To take an obvious example, THB isn’t about gender, but it’s also about gender. That’s clear from the gendering of roles, the rescuing of women and the occasional knob joke. I’m guessing it’s not what the director wanted me to think about, as I watched, and I’m also guessing it’s not what the director thought very much about either, but that’s precisely the point. Such dimensions get woven into the fabric of a cultural product, and it is for us to notice and unpick those.

Culture invites multiple readings, and so let’s try doing just that. Wikipedia tells me THB got ‘mixed reviews’, and I can believe that: any film that portrays such a lax depiction of border controls deserves to be challenged.

Happy viewing…

Snippets from Comparative Politics

Some end-of-the-semester thoughts on my comparative politics course, in relation to a post from the beginning of the semester and to Simon’s post last week about a framework for active learning.

First, the simple stuff:

Running this course with only ten students at 8:00 a.m. is problematic, for reasons I have mentioned before. Lack of students definitely decreases the level of activity in my Gerkhania simulation. Attendance has picked up but is still only eighty or ninety percent, so in the future I really need to give pop quizzes — in paper, rather than electronic, form — on a semi-frequent basis.

I have noticed a problem with the reading responses. For these assignments, I usually pair an article from an academic journal — often the Journal of Democracy — with shorter and more current items from news outlets like The Atlantic, Politico, and The New York Times. Some students developed the habit of reading only the latter and ignoring the former. I need to force students to read the journal articles, but haven’t quite figured out the best way of doing this.

Now for the complex stuff: Continue reading

Faculty Pathologies I: Inadequate Administrative Processes

Continuing on the theme of what I’ve learned in the last year of building my own business doing dissertation and academic coaching and freelance editing, at the invitation of the blog owner, Chad, I’m back for a two-part series on common problems that I’ve seen working with faculty on their research, project, and time management. This is part 1 of 2.

Faculty usually begin their careers trained to do one thing: research. If they’re lucky, they’ve been trained to teach, at least a little bit, too. But no one ever begins their career trained in administration and management. Those are, theoretically, on-the-job skills that you pick up on the way. As a result, most faculty have vastly underdeveloped systems for managing administrative processes: committee work, cycles of paperwork like monthly meeting agendas, required paperwork for grants and other funding, and the most dreaded one of all – email.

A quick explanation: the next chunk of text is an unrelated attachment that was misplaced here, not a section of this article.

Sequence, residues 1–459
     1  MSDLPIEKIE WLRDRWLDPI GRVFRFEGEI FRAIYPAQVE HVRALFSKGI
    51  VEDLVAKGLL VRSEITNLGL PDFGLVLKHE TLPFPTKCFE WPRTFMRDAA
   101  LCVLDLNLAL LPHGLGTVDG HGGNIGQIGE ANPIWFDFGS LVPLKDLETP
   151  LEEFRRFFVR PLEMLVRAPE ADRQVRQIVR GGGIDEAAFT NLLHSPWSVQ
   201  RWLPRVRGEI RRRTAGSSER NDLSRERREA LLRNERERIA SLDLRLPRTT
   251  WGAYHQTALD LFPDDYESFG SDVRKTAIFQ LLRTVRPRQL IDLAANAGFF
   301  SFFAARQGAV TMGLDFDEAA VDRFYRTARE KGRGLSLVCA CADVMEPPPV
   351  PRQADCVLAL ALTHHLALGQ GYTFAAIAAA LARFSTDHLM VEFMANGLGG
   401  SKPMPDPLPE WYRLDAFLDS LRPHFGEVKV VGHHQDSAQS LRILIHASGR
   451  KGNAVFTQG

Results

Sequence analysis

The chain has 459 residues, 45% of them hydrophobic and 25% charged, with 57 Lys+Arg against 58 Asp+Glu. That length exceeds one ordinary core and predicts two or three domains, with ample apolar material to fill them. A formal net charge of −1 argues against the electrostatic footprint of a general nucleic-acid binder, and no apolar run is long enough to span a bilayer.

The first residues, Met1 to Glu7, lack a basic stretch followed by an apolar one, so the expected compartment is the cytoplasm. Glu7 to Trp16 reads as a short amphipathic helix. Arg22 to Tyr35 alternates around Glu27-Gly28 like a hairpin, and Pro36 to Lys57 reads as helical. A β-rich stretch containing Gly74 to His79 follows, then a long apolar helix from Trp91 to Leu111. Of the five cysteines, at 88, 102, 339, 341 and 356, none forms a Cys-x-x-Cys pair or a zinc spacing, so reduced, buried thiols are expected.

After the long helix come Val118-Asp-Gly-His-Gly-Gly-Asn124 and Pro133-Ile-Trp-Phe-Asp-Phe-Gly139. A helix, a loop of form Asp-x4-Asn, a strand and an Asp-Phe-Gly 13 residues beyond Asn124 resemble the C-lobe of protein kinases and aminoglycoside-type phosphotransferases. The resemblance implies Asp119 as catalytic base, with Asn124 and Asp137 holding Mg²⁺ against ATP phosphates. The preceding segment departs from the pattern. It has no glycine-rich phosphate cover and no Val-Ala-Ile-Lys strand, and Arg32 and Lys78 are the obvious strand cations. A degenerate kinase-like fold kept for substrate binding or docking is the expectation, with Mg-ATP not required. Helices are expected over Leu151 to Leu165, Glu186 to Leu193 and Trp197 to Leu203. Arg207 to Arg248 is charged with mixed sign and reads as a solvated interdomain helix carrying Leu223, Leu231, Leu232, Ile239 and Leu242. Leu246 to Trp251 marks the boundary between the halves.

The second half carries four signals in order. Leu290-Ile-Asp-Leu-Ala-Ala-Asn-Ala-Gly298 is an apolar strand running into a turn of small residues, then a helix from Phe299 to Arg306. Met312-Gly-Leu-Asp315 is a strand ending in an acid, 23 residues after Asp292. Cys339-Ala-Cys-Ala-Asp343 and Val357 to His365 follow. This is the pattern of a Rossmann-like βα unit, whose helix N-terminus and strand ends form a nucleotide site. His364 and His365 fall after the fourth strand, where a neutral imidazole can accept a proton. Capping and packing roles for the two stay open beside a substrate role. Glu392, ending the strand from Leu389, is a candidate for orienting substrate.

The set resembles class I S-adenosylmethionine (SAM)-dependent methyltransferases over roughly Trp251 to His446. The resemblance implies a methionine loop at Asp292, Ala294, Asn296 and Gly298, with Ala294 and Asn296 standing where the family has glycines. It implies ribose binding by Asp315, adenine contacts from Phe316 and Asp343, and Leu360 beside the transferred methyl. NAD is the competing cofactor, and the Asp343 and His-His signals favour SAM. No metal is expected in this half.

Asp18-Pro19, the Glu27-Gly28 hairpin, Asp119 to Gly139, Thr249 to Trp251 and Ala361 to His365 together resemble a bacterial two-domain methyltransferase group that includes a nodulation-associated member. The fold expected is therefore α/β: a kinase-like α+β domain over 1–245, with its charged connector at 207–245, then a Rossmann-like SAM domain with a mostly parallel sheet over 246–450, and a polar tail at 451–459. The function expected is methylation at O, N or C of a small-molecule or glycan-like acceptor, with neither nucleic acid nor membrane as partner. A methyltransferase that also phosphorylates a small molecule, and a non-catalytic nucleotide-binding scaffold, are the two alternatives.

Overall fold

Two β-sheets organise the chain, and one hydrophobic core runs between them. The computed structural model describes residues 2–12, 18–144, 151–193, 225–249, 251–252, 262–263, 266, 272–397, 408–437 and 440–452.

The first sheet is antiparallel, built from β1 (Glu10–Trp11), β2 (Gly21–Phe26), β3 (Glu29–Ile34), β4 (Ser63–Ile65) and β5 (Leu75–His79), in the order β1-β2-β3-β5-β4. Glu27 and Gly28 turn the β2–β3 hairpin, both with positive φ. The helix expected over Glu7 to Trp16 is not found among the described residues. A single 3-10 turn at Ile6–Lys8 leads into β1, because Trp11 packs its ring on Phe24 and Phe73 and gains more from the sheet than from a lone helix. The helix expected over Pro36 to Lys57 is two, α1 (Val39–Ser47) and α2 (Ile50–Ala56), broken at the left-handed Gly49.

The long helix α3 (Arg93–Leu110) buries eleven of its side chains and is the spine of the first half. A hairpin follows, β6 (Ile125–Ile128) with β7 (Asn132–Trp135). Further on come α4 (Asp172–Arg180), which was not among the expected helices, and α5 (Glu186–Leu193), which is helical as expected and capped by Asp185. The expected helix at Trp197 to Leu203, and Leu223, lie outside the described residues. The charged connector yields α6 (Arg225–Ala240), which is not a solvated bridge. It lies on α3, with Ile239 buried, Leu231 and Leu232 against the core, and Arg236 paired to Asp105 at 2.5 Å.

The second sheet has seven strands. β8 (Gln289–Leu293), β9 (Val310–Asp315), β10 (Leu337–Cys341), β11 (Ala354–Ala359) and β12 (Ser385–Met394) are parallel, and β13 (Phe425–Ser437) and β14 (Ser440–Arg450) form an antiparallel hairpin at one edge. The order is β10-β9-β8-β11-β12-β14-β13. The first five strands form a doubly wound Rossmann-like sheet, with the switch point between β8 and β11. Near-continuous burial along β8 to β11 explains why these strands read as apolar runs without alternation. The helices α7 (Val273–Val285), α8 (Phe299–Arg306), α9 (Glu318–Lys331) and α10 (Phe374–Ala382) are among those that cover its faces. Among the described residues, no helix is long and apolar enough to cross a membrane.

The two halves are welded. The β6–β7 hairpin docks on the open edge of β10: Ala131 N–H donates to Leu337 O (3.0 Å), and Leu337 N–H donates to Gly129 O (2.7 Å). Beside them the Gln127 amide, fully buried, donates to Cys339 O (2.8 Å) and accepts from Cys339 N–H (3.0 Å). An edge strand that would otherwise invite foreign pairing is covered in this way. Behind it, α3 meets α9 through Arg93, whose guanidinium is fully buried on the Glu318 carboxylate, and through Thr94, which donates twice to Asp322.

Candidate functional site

For most of us, email becomes the default way of managing our committee work, paperwork, and other not-research-but-still-necessary-business. Which means, then, that a system to manage our email becomes a necessity. That system needs to comprise two parts: incoming management, and archiving management.

Managing incoming email needs to be something that you do deliberately, not something done haphazardly. I recommend setting aside 2-3 times per day to process your inbox. Anything that can be answered in 3 sentences or less gets a response; the rest get deleted, archived immediately if appropriate, or placed in a specific folder or given a tag/flag indicating that follow-up is required. Then, once a day, have a dedicated time for churning through the things that require more detailed follow-up. Set a designated amount of time for this and stick to it. That doesn’t mean you can’t tackle one or two semi-quick ones if you have 10 minutes between meetings, but it does mean that email becomes a designated, deliberate task, rather than an interstitial one.

The second part of email management is archiving. The goal is to keep your inbox containing only those things that are active: ongoing conversations, tasks you’re working on, things you need to follow up on. Everything else that’s closed should be either deleted or archived into a system of folders. Most of us are reasonably good at this, but it’s a good idea to make part of your Friday shutdown routine a quick cleanout of the inbox to archive anything that’s been completed that week that hasn’t already been put away so that you can start the week with an empty inbox.

These and other skills are things I can help you develop through academic coaching. If you’re interested in academic coaching, the summer is a great time to start. It gives you a chance to develop and solidify new or better habits before the chaos of term time arrives. Feel free to take a look around my website at http://www.leannecpowner.com/coaching/  and if you’re interested, drop me an email at Leanne@leannecpowner.com . The initial consultation is free. You can also follow me on Facebook at https://www.facebook.com/LeanneCPowner/ or Twitter @LeanneCPowner for free daily writing tips.